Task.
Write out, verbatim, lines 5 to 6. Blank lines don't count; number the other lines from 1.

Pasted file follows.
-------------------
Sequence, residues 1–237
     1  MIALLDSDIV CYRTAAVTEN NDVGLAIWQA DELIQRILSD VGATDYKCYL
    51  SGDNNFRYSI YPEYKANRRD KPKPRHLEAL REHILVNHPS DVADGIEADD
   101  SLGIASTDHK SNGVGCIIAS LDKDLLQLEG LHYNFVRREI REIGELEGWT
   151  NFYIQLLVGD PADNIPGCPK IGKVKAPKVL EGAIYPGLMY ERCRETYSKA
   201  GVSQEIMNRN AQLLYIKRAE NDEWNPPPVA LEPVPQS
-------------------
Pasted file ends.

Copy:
   151  NFYIQLLVGD PADNIPGCPK IGKVKAPKVL EGAIYPGLMY ERCRETYSKA
   201  GVSQEIMNRN AQLLYIKRAE NDEWNPPPVA LEPVPQS